Sara Routhier, Managing Editor and Outreach Director, has professional experience as an educator, SEO specialist, and content marketer. She has over five years of experience in the insurance industry. As a researcher, data nerd, writer, and editor she strives to curate educational, enlightening articles that provide you with the must-know facts and best-kept secrets within the overwhelming world o...

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Joel Ohman is the CEO of a private equity-backed digital media company. He is a CERTIFIED FINANCIAL PLANNER™, author, angel investor, and serial entrepreneur who loves creating new things, whether books or businesses. He has also previously served as the founder and resident CFP® of a national insurance agency, Real Time Health Quotes. He also has an MBA from the University of South Florida. ...

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Reviewed by Joel Ohman
Founder, CFP®

UPDATED: Jun 28, 2013

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Yes, you can pay your child’s student loans. However, a more important question may be whether you should be paying them to begin with. On top of that, there can be tax implications for making payments in someone else’s stead.

Robert Farrington, editor-in-chief of The College Investor, told loans.org that even though parents can pay their child’s student loans it is considered a taxable gift. 

“If you go over the amount of the gift tax exclusion (which is currently $14,000 in 2013), the donor (or parent) is required to pay a gift tax,” said Farrington. “If parents are considering paying for their child’s education, there are better options, such as paying directly for their student (no tax implications), or getting PLUS loans, which are loans for parents.”

Farrington advises parents to not pay their child’s student loans unless the parents are financially stable enough to take care of themselves through retirement. He explained that while it is fairly easy to borrow money for college, people can’t exactly get a loan for retirement.

If parents are concerned about the financial wellbeing of a loan-encumbered child, Farrington pointed out that student loan borrowers have a number of options to help them out during hard times, such as deferment, government-sponsored repayment plans, and forgiveness programs. Underemployed borrowers can even try contacting their college loan servicer to discuss their personal situation one a case-by-case basis.

Farrington also advises parents to help their children understand that a student loan’s collateral is the income that a graduate earns in their professional career.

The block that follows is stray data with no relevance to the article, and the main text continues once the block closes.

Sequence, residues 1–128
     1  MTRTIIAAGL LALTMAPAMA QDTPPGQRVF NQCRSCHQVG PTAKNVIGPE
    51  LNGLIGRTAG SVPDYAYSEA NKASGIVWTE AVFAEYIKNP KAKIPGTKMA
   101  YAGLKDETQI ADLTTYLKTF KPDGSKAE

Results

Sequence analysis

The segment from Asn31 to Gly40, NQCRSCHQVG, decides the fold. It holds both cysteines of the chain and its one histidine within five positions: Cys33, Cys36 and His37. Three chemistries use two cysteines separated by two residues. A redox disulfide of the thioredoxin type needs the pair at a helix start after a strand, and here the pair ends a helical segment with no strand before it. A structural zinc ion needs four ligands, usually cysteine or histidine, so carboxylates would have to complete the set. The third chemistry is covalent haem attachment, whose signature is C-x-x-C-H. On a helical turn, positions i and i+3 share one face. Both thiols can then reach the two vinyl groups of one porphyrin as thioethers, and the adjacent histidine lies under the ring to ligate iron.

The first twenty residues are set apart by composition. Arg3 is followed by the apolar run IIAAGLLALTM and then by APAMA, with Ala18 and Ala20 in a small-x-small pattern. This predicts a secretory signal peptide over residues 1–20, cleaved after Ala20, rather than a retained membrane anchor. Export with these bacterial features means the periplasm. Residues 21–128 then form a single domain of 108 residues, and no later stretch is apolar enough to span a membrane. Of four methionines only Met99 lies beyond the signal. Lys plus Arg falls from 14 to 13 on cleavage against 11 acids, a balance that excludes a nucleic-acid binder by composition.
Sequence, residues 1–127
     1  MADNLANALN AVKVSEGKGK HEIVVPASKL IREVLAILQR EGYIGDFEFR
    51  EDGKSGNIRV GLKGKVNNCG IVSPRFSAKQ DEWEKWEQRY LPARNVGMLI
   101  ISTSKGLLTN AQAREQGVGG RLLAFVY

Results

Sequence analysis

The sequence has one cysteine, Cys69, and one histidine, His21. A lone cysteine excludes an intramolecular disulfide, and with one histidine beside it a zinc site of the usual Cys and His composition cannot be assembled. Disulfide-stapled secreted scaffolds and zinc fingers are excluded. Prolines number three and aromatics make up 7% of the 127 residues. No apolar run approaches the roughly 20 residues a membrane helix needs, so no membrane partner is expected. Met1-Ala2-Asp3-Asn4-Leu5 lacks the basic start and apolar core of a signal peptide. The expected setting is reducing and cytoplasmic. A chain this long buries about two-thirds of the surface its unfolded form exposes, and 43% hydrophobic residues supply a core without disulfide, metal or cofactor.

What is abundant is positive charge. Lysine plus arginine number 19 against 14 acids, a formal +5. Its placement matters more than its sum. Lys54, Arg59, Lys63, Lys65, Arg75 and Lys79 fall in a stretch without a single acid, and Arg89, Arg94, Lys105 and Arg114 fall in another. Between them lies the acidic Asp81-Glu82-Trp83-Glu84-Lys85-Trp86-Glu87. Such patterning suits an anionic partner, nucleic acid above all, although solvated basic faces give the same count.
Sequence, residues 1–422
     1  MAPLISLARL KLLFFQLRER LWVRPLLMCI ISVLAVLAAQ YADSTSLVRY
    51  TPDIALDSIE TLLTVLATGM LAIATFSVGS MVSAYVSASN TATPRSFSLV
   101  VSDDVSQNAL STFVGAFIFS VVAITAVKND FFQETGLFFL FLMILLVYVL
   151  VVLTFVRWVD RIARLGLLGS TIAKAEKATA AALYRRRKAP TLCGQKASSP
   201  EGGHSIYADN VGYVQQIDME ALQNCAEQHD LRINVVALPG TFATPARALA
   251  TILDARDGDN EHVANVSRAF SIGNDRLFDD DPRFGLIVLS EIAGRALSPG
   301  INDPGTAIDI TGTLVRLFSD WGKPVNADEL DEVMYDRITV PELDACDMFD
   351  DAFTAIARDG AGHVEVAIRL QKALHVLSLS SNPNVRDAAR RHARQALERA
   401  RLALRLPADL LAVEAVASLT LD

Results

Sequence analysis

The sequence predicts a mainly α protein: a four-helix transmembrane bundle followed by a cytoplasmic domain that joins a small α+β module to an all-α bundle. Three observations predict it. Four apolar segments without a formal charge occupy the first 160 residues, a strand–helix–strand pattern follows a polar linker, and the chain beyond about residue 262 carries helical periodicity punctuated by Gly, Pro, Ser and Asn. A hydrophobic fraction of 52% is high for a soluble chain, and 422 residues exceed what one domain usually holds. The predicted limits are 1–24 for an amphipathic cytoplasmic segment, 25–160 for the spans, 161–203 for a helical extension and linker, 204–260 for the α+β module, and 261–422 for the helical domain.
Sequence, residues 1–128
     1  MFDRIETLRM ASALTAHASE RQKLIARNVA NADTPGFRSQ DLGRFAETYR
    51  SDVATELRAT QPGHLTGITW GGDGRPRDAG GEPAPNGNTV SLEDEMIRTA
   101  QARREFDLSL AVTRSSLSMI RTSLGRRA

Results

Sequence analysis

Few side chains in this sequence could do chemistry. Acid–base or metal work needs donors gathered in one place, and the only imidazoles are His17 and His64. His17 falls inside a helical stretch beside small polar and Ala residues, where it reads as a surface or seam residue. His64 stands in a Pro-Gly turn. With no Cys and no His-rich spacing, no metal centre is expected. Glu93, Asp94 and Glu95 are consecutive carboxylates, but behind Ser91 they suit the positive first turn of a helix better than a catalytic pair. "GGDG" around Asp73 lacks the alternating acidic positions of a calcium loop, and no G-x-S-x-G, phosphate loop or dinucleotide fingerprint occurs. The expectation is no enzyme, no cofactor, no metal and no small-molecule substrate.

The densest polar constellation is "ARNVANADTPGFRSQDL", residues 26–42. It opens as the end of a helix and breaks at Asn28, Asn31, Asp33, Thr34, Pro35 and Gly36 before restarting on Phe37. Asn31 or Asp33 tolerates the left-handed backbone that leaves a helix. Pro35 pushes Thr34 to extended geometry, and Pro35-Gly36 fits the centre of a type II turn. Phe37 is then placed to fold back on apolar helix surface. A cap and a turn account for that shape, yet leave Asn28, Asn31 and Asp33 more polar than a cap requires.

“If a child wants to be an artist, taking out tons of student loans to go to college makes zero sense,” he said. “However, if a child wants to be an engineer, that same amount of debt can make sense.”

April Masini of the Ask April advice column, also recommends that parents stop paying their child’s student loans.

“You’re not doing your college student child any favors by taking on parent loans or paying off student loans,” said Masini. “This isn’t good for your kid — and it’s certainly not good for you because you’re probably delaying or worse, jeopardizing entirely, your retirement.”

Masini continued to explain that as young adults, student loan borrowers have responsibilities that come with their graduation — just as teenagers with licenses do and alcohol-consuming 21-year-olds.

As difficult as underemployment is, Masini recommends that student loan borrowers take up a second job, or even rethink the type of job they are comfortable working at.

Further shaking up the status quo, Masini said college isn’t a great option for everyone. She explained that since a college education is no longer always a secure route to a job, let alone a secure route to a higher income, it may not be worth borrowing money for. 

“Many kids are graduating high school and getting real life work experience at the exact same companies [that] those who graduate magna cum laude from the local satellite campus of the state school are [being hired at],” said Masini. “Reconsider college as an option.”

She advises that rather than pay their student loans for them, parents can instead advise their children on how to get a handle on their college debt. Two minds work better than one, and together student loan borrowers and their parents can devise a way to pay off college loans in due time.